“Correction is grievous unto him that forsaketh the way: and he that hateth reproof shall die.” —Proverbs 15:5
“Failure doesn’t have anything to do with your intrinsic value as a person.” —Albert Ellis and Robert A. Harper, A Guide to Rational Living, Third Edition, p. 206
“For whom the Lord loveth he chasteneth, and scourgeth every son whom he receiveth.” —Hebrews 12:6
“If we eliminated all errors, we would also eliminate much discovery, art, insight, learning, and creativity that results from facing errors.” —Kevin Everett FitzMaurice
“If ye endure chastening, God dealeth with you as with sons; for what son is he whom the father chasteneth not?” —Hebrews 12:7
“My son, despise not the chastening of the LORD; neither be weary of his correction:” —Proverbs 3:11
“The great man is he who does not lose his child-heart.” —Mencius
“The greatest explorer on this earth never takes voyages as long as those of the man who descends to the depth of his heart.” —Julien Green
“The trouble with most of us is that we would rather be ruined by praise than saved by criticism.” —Norman Vincent Peale
“When receiving correction, the wise seeks to learn and the fool seeks to justify with excuses.” —Kevin Everett FitzMaurice
“A wise man will hear, and will increase learning; and a man of understanding shall attain unto wise counsels:” —Proverbs 1:5
“Where no counsel is, the people fall: but in the multitude of counselors there is safety.” —Proverbs 11:14
“The way of a fool is right in his own eyes: but he that hearkeneth unto counsel is wise.” —Proverbs 12:15
“Deceit is in the heart of them that imagine evil: but to the counselors of peace is joy.” —Proverbs 12:20
“Without counsel purposes are disappointed: but in the multitude of counselors they are established.” —Proverbs 15:22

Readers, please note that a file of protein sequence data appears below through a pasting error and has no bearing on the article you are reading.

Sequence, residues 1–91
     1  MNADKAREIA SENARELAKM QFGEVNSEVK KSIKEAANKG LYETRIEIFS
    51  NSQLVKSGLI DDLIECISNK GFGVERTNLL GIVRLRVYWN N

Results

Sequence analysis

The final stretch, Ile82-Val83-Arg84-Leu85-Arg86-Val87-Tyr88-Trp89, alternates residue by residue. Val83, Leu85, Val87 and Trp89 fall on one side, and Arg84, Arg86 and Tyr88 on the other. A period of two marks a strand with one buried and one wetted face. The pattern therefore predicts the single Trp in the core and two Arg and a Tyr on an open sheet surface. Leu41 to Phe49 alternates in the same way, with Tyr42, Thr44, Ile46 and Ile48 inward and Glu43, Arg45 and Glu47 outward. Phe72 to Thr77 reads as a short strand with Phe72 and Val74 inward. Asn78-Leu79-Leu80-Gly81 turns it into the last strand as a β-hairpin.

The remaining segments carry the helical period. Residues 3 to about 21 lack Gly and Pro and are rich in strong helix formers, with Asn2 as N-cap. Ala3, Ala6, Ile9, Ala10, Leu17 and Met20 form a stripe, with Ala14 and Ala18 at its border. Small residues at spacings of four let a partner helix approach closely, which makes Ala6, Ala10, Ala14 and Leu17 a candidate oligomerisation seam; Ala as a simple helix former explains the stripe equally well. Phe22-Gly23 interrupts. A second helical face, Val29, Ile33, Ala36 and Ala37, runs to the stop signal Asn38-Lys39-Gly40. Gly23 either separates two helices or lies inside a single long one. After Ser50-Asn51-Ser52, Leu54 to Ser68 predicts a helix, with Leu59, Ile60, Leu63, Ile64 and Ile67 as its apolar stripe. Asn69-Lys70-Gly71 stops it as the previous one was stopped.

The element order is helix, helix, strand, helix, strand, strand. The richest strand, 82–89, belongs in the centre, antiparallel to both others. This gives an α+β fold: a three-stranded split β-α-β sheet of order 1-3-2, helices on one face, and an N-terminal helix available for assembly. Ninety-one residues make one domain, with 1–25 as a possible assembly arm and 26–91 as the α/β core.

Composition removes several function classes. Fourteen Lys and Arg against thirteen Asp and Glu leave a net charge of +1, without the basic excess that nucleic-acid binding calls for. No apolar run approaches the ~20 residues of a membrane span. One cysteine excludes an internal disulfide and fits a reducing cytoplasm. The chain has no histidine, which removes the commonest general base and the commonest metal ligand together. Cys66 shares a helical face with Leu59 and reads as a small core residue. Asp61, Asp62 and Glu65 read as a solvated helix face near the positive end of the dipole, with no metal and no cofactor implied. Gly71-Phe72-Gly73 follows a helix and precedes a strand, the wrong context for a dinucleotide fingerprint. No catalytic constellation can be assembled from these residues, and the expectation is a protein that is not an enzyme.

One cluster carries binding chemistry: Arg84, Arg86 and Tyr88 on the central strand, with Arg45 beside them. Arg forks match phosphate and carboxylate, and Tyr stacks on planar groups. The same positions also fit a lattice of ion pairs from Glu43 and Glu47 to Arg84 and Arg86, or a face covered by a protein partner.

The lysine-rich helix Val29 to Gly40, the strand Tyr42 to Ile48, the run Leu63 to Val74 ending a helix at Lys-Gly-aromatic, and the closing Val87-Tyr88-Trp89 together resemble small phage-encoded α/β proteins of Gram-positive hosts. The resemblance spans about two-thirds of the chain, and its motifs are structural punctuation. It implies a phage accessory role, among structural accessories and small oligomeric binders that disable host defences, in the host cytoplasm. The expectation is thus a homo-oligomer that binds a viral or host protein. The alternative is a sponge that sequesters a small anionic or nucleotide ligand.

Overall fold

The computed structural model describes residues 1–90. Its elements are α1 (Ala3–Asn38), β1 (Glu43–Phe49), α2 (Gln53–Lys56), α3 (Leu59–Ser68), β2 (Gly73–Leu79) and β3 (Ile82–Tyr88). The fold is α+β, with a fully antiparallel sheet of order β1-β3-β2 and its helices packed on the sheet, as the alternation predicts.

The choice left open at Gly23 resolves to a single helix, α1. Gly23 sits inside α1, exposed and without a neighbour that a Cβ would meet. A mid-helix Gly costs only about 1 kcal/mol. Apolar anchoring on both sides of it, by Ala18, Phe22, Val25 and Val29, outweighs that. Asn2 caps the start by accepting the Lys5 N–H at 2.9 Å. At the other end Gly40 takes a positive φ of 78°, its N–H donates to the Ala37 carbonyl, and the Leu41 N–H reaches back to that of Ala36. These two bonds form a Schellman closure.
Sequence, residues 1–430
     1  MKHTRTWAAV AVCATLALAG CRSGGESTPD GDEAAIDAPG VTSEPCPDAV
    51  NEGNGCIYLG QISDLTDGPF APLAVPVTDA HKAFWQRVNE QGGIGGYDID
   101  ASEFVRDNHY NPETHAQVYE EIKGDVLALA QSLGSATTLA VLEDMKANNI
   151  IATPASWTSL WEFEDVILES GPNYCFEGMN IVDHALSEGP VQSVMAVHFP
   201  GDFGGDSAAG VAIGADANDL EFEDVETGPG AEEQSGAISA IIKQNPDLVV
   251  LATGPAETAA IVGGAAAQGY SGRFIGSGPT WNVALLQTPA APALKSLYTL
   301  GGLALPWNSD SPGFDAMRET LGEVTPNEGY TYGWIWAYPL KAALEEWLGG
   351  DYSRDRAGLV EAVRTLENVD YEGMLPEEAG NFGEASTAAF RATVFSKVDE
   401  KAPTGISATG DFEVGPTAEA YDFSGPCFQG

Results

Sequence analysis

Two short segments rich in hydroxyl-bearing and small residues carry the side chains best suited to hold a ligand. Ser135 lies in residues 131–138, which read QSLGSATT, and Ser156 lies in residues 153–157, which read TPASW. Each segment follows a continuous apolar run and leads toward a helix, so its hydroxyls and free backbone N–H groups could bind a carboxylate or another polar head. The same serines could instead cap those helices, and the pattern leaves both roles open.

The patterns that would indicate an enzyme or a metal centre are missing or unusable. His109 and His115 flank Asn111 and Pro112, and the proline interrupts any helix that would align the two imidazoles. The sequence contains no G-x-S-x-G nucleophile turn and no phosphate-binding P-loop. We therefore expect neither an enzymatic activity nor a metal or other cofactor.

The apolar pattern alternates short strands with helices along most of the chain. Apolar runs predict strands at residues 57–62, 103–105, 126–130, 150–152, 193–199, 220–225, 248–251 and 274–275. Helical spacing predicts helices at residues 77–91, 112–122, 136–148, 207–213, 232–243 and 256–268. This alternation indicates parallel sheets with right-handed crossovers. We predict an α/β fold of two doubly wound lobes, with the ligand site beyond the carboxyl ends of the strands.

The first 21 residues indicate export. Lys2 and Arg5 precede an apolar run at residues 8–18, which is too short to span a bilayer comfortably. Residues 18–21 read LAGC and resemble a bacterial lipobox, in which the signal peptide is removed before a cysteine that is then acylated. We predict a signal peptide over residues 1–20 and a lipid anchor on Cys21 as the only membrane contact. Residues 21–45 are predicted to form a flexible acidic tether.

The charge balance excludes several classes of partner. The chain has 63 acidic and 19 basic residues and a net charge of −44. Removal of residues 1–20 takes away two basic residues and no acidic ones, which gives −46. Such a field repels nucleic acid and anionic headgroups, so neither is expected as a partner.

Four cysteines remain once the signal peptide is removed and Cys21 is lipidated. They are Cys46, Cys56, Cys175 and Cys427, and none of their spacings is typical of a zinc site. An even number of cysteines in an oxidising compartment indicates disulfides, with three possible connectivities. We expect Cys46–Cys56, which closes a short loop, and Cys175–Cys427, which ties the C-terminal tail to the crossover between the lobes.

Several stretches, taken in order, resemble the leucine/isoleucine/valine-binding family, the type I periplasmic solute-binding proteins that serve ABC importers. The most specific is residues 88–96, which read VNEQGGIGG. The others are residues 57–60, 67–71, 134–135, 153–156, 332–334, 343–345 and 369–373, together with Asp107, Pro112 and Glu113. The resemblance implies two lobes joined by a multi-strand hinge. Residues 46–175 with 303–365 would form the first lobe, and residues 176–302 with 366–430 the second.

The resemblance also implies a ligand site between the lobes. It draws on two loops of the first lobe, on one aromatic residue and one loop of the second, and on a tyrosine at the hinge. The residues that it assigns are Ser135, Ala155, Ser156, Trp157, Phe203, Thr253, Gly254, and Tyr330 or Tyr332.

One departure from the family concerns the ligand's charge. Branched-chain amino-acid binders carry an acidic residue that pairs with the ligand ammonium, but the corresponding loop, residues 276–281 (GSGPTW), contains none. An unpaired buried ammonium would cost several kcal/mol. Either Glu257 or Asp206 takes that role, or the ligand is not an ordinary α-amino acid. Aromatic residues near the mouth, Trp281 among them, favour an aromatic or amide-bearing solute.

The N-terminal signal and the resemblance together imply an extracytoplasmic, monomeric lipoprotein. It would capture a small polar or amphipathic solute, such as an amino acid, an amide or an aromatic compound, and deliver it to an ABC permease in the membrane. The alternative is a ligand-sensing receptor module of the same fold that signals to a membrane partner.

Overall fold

“Hear counsel, and receive instruction, that thou mayest be wise in thy latter end.” —Proverbs 19:20
“Every purpose is established by counsel: and with good advice make war.” —Proverbs 20:18
“Take counsel, execute judgment; make thy shadow as the night in the midst of the noonday; hide the outcasts; bewray not him that wandereth.” —Isaiah 16:3
“Extol not thyself in the counsel of thine own heart; that thy soul be not torn in pieces as a bull [straying alone.]” —Ecclesiasticus 6:2
“As timber girt and bound together in a building cannot be loosed with shaking: so the heart that is stablished by advised counsel shall fear at no time.” —Ecclesiasticus 22:16
“Give not over thy mind to heaviness, and afflict not thyself in thine own counsel.” —Ecclesiasticus 30:21
“A man of counsel will be considerate; but a strange and proud man is not daunted with fear, even when of himself he hath done without counsel.” —Ecclesiasticus 32:18
“And let the counsel of thine own heart stand: for there is no man more faithful unto thee than it.” —Ecclesiasticus 37:13
“Let reason go before every enterprize, and counsel before every action.” —Ecclesiasticus 38:33
“Gold and silver make the foot stand sure: but counsel is esteemed above them both.” —Ecclesiasticus 40:25